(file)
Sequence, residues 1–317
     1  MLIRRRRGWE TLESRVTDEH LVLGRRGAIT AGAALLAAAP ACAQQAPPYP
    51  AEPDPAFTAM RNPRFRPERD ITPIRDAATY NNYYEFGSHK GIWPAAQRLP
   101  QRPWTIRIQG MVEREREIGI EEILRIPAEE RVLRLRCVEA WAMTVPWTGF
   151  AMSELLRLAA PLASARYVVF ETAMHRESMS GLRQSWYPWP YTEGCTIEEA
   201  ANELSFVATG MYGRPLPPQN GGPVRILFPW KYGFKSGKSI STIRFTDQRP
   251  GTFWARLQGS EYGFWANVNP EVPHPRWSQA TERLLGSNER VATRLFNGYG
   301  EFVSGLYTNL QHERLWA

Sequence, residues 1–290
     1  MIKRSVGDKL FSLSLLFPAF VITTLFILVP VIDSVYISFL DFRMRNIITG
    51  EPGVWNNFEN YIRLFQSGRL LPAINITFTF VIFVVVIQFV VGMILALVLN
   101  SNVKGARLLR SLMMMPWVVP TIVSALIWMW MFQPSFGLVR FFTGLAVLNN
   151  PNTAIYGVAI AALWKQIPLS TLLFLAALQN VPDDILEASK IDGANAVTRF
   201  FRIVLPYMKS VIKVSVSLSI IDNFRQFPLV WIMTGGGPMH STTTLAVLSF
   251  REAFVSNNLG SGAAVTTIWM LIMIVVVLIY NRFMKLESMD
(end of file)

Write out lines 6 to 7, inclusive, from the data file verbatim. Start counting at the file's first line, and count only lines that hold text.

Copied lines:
   201  ANELSFVATG MYGRPLPPQN GGPVRILFPW KYGFKSGKSI STIRFTDQRP
   251  GTFWARLQGS EYGFWANVNP EVPHPRWSQA TERLLGSNER VATRLFNGYG